from the FAS Project on Government Secrecy
Volume 2003, Issue No. 29
April 4, 2003


The pace of institutional and technological change at the Federal Bureau of Investigation is accelerating, with results and consequences yet to be determined.

"As part of an ongoing technology upgrade, the FBI is building a massive database to store case information, leads, intelligence and even newspaper and magazine articles related to terrorism," reports Shane Harris in "FBI designing vast terrorism database," Government Executive, April 3:

"With a new computer network, automated investigative tools, and more channels for sharing information, the FBI hopes to finally know what it knows," writes Jean Kumagai in "Mission Impossible?", IEEE Spectrum, April 2003:

"As part of its on-going reorganization efforts, the FBI has put in place for the first time a formal structure to prioritize intelligence exploitation and to establish strategic plans for intelligence collection, analysis and dissemination," according to an April 3 FBI press release.

The Bureau also hired NSA SIGINT Director Maureen A. Baginski to serve as its new Executive Assistant Director for Intelligence.

See "FBI Creates Structure to Support Intelligence Mission":


The House Judiciary Committee wrote to Attorney General Ashcroft this week to request detailed information on implementation of the USA Patriot Act, submitting 38 multi-part questions on domestic surveillance, the Foreign Intelligence Surveillance Act, detention of suspected terrorists, and related topics.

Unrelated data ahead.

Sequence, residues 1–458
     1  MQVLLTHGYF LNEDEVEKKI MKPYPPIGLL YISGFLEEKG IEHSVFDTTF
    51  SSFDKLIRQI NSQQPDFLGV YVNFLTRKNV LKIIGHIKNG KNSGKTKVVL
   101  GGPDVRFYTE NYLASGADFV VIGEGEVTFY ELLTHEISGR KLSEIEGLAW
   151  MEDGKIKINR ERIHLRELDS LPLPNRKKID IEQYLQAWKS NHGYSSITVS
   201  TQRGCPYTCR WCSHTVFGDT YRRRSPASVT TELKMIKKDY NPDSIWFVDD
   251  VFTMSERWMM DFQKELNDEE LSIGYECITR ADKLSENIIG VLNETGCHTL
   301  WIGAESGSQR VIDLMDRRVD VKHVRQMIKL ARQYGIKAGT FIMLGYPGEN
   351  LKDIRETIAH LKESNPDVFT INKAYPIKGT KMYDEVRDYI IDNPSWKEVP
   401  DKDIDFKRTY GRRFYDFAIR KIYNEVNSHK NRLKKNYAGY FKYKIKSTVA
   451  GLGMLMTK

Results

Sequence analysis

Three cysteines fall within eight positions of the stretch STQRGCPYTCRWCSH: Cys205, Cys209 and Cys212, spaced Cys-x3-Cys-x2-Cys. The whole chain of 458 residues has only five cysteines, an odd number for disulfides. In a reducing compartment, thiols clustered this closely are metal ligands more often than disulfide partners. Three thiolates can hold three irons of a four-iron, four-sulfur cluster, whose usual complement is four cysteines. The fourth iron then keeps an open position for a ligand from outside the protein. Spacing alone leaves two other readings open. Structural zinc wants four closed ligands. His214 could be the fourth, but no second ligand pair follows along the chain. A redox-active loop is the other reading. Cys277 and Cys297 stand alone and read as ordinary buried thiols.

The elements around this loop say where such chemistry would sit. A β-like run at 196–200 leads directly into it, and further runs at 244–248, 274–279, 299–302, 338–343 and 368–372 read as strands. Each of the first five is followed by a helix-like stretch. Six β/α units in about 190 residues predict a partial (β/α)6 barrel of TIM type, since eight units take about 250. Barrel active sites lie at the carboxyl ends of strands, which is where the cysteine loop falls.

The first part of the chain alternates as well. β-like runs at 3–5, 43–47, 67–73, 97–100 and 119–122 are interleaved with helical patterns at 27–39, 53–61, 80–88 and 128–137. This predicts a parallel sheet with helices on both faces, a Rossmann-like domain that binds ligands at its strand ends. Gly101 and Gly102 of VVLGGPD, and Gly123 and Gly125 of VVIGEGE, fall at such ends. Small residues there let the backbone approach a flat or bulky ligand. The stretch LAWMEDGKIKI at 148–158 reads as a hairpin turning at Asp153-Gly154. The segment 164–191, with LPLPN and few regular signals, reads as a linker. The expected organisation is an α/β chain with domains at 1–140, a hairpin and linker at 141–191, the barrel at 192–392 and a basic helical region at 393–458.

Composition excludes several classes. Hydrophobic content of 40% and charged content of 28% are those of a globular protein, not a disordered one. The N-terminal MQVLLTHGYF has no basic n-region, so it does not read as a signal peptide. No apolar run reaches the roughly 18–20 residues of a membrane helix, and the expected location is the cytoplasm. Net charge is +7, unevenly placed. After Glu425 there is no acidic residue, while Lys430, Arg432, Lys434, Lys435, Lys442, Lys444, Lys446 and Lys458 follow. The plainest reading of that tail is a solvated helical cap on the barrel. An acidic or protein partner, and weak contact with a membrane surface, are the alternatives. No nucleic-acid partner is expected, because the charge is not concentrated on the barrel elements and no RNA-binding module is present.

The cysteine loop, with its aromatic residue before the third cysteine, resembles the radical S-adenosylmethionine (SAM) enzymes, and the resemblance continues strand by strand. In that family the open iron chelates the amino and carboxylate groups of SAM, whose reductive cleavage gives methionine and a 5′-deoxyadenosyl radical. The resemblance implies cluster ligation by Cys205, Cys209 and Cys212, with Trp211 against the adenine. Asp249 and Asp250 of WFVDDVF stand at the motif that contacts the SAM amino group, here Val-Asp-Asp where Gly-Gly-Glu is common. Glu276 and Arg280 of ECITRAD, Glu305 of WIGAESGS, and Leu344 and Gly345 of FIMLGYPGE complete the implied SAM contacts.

A copy of the 18 page April 1 letter from Judiciary Committee Chairman F. James Sensenbrenner, Jr. and Ranking Member John Conyers, Jr. is posted here:


The simple notion of official secrecy branches out in practice into a dense jungle of classification markings and access controls, ranging from "For Official Use Only" to "Cosmic Top Secret" to "SIOP Extremely Sensitive Information" and "Eyes Only."

These and many other such terms are defined and placed in context in two Defense Department classification marking manuals.

"DMS GENSER Message Security Classifications, Categories, and Marking Phrase Requirments," Defense Information Systems Agency, March 1999:

"NIMA Guide to Marking Classified Documents," National Imagery and Mapping Agency, October 4, 2001:


Nearly half of all states in the country "are closing meetings, sealing records and restricting the flow of information to the public, all in the name of homeland security." See "States put a leash on information" by Mimi Hall, USA Today, April 3:


At his confirmation hearing last October, CIA General Counsel Scott W. Muller was asked how he would propose to handle the "vexatious problem" of leaks of classified intelligence information.

One solution, he suggested briefly and tantalizingly, would be to "set a trap" for the leaker.

"I would first analyze what are the legal authorities and, most importantly, I would try to find a way -- pro-actively rather than reactively -- to, whether it's set a trap, or set up a system where I could actually come up with a way to do it. It's a very difficult problem."

The transcript of Mr. Muller's October 2002 confirmation hearing was published last week and is posted here:


Secrecy News is written by Steven Aftergood and published by the Federation of American Scientists.

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